文澜阁 Wenlan Pavilion

Fall 2013, Master’s Thesis Research

To re-envision the public library of the future my master’s thesis analyzed China’s pre-modern private libraries such as the Wenlan Pavilion, on Hangzhou’s West Lake. Whereas westerners tend to think of public libraries as storage spaces and perhaps as a small scale public sphere, these Cangshu Lou 藏书楼 (literally “store books buildings”) functioned as archives but also overlapped numerous other discourses in their various functions: government, schools of thought (philosophies and religions), education (state and private schools), book publishing and making, social exchanges small and large, calligraphy and painting, landscape and the family.

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Wenlan Pavilion was built under Emperor Qianlong‘s imperial decree to create the Siku Quanshu canon, which was largely an anti-dissent effort as the books that didn’t make the cut were burned. The Seven Halls constructed across the empire to shelter the Siku Quanshu were all built in interpretation of China’s most famous private library, Tianyi Pavillion. I addressed the Seven Halls as an overlap of the government discourse in a section of my thesis, but the analysis of Wenlan Pavilion focused on its connection to the landscape:

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Wenlan Pavilion site plan 潘谷西。《江南理景艺术》。南京:东南大学出版社,2001,126页

 

The dialogue between Chinese traditional architecture and nature is profound and inherent, but there are several basic conditions that contribute to the discursive overlap between Cangshu Lou and the landscape. The first is an often repeated desire of the literati who constructed book pavilions in their busy residential compounds to create  a quiet, peaceful place for reading. That yearning easily coincides with the traditional form of the Chinese landscape garden which, through the use of natural forms and objects, often creates a separate reality from the business of the compound’s residences. Many of the bureaucrats and wealthy merchants who could afford to collect books and build protection for them could also afford traditional gardens.

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Wenlan Pavilion site section and front elevation 潘谷西。《江南理景艺术》。南京:东南大学出版社,2001,127页

More relevant to Wenlan Pavilion, another reason to place one’s book room close to the natural features of the landscape garden is the ability to use the water source to combat the threat of fire. The axial approach to the Seven Halls incorporates the landscape of the garden:

 

 

After turning away from the legendary West Lake, you enter the compound through the front gate

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Pass through the front courtyard and main gate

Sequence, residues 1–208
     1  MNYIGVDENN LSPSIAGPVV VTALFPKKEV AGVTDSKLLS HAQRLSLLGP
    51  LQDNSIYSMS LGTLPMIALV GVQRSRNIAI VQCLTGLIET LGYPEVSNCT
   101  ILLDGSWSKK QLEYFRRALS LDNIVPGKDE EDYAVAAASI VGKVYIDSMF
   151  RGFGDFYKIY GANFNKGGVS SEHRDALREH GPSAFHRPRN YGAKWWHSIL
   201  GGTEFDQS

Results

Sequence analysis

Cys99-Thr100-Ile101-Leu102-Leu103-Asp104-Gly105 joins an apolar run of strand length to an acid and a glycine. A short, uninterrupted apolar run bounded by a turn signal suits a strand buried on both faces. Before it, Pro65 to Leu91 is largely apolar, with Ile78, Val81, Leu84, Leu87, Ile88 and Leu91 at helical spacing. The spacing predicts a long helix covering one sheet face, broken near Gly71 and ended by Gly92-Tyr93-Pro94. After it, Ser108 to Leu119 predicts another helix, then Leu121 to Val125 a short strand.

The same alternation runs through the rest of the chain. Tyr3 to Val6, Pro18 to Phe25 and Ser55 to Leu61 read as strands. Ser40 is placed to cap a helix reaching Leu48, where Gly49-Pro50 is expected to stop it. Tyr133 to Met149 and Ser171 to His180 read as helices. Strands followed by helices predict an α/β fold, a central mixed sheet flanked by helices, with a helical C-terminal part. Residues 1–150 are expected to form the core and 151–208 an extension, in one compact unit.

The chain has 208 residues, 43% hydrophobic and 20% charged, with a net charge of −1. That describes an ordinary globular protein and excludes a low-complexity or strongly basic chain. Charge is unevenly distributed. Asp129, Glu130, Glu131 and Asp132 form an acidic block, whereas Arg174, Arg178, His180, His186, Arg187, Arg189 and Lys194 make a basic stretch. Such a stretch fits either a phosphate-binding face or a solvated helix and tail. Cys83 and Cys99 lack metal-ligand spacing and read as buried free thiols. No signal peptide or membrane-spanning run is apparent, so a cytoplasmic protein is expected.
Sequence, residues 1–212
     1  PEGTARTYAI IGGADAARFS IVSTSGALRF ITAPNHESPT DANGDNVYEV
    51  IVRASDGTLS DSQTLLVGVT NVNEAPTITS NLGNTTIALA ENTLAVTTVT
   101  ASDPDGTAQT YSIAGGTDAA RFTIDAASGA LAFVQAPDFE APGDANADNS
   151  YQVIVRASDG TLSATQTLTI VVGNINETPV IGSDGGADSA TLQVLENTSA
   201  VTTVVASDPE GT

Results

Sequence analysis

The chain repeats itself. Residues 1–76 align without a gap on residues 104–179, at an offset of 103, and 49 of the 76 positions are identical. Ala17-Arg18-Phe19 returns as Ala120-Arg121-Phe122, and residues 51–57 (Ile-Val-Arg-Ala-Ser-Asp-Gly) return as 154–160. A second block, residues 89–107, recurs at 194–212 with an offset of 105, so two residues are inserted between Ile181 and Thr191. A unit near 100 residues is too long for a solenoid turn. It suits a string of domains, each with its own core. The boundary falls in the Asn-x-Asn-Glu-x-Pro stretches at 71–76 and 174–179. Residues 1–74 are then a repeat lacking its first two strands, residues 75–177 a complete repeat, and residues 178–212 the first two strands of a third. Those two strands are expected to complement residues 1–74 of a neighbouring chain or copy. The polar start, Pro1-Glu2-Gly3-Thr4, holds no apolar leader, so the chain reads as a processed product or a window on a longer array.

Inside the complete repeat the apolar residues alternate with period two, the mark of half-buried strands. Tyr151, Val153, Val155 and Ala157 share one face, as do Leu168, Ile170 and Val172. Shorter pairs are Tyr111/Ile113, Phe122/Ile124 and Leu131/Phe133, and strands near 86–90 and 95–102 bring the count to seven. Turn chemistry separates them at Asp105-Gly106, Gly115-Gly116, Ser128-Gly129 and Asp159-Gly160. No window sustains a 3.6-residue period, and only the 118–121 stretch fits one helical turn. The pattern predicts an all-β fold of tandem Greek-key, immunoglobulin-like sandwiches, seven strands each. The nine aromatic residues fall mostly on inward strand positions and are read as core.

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To arrive at the rockery, where you have the option of either moving through by passing under the rock in a tunnel like experience, or to explore the simulacrum of a mountain

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Then you continue through the Yuelan Room, now used to exhibit the history of the library

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Exiting the structure, the main courtyard of the reservoir pond, its famous Immortal Peak Taihu stone, and Wenlan Pavilion is revealed. No direct path exists from here to the library, one must move off the axis and interact with the natural forms to get to the other side.

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Wenlan Pavilion and the other Seven Halls feature sequential approaches that require the visitor to first transition through manmade natural forms in order to reach the archive. This, along with the Cangshu Lou of the Couple’s Retreat Garden in Suzhou, with its thin threshold between the archive and the neighboring garden, present another solution to the placelessness of the modern, digitized archive. The dual role of the public library to function as both archive and as public gathering space is threatened by the dispersed network of the Internet. But in these structures and their relationship to their surroundings we see how even the smallest node can be inherently linked to at least some simple sense of place. Perhaps not the communal place discussed in the tower Cangshu Lou of the teaching institutions, but the place of habitat and seasons. The thin thermal barriers of these buildings leave their occupants acutely aware of the sun’s warming rays on a chilly autumn day or the emerging cicadas. How does the library of the future co-manifest itself? Globally to interact and actively reconfigure itself as a rhizome, and locally, to serve the community it is based in. The simplest solution to this question suggests that the fundamental possessions of a future library is a connection to the internet and a connection to place.

(Skill and Knowledge Archiving, Placeness and the the Everyday were the three categories that manifested from the Cangshu Lou analysis.)